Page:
- Open Access
Physical activity and quality of life in children with idiopathic toe walking: a cross sectional study
BMC Pediatrics volume 22, Article number: 544 (2022)
To determine if children with idiopathic toe walking (ITW) reach Australian 24-hour movement guidelines. Additional objectives were to identify any factors associated with moderate to vigorous physical activity time of children with ITW.
Private practice, public health outpatient, community clinics.
Children between 4 and 14 years, who toe walked and had no medical conditions known to cause ITW.
Physical activity intensity, sedentary behaviour and sleep data were collected via an ActiGraph. Physical activity level intensity data were triangulated with the Child Leisure Activities Study Survey (CLASS) to highlight the subjective nature of parent-reported measures. Health related quality of life information was collected using the Parent-Proxy and Child-Self Report Pediatric Quality of Life Inventory (PedsQL) 4.0 Generic Core Scale. Regression analyses were used to explore individual factors associated with moderate to vigorous physical activity.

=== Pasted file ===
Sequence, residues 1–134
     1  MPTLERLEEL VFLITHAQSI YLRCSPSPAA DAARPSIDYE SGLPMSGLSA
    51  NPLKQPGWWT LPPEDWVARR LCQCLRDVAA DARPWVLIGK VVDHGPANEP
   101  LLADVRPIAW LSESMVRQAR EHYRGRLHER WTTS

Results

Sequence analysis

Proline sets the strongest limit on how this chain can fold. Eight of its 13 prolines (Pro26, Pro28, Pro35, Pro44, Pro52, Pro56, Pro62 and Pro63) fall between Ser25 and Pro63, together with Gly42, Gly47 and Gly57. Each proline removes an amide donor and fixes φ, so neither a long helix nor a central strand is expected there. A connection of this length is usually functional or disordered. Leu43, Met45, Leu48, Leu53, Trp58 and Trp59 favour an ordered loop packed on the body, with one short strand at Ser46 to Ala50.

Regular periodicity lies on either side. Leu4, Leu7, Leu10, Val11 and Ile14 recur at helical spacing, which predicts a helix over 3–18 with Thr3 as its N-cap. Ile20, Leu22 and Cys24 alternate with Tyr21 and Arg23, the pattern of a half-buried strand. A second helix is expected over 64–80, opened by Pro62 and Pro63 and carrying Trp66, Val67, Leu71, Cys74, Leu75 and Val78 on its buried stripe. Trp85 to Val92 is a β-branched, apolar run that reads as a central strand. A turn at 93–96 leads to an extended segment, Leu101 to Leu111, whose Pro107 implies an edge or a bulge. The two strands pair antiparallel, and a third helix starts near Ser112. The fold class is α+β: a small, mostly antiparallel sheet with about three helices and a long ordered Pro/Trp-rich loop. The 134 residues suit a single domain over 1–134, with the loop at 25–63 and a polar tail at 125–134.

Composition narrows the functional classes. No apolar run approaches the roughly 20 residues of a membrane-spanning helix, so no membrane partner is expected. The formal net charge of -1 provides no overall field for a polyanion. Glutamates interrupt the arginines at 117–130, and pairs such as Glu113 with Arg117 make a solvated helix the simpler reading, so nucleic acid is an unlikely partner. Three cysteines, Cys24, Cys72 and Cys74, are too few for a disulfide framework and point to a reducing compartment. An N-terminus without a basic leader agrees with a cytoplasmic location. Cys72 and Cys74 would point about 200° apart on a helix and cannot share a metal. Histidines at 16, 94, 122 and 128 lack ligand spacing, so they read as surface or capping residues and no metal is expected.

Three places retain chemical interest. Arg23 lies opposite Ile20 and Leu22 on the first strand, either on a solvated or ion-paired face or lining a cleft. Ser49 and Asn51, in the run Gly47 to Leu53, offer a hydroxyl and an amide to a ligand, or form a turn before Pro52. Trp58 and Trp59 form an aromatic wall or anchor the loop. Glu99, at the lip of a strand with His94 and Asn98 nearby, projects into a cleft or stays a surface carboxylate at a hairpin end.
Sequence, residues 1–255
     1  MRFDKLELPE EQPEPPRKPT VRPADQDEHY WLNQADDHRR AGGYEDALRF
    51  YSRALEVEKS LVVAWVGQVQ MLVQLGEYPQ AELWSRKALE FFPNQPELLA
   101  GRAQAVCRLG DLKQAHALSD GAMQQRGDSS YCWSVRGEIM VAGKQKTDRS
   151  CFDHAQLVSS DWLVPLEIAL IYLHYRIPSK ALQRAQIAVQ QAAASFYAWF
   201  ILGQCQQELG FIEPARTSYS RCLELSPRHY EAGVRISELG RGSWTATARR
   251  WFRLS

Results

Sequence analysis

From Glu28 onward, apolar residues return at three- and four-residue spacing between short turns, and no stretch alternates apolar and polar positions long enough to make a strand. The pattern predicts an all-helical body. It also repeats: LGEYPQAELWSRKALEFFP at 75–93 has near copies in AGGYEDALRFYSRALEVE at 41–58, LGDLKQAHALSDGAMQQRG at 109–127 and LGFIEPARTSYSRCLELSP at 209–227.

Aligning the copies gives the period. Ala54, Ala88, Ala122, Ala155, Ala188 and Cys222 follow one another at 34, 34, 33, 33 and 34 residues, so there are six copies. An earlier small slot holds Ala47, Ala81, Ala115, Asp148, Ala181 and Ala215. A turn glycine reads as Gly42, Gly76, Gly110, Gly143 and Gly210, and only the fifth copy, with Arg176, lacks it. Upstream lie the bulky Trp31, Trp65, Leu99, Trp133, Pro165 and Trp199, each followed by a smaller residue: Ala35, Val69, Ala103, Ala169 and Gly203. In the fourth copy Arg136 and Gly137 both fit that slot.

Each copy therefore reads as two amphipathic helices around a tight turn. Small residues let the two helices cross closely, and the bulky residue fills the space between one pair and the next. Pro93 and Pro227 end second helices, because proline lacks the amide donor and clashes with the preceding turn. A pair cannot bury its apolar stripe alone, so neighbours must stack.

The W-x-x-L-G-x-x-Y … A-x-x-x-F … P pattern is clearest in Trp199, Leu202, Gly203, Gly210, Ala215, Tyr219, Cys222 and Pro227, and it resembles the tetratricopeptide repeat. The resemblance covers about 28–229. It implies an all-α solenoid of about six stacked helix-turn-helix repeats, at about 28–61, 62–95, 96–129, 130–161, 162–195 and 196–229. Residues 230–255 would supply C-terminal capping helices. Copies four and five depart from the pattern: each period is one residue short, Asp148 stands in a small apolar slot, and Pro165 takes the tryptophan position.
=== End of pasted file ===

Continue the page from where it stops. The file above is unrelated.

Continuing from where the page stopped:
Twenty-seven participants, 17(63%) male, age mean = 6.62 (SD = 2.29) years, provided information on physical activity (CLASS n = 18, ActiGraph n = 22), physical functioning and psychosocial functioning domains on the PedsQL (Parent-Proxy n = 25, Child n = 22). All participants exceeded Australian recommendations for physical activity, 44% (8/18) met recommended screen time amounts, and two (9%) met recommended sleep times. The Child-Self Report PedsQL scale score of social functioning was the only factor associated with an increase in physical activity (Coef = 0.48, 95%CI = 0.09 to 0.87, p = 0.019).